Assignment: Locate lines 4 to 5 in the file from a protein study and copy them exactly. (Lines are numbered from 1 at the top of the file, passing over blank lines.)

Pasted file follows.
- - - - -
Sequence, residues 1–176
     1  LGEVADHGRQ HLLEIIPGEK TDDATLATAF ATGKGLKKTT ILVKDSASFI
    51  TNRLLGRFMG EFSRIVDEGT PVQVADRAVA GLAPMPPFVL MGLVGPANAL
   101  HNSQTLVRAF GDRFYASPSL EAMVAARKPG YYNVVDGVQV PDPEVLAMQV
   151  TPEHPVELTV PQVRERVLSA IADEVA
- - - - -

   101  HNSQTLVRAF GDRFYASPSL EAMVAARKPG YYNVVDGVQV PDPEVLAMQV
   151  TPEHPVELTV PQVRERVLSA IADEVA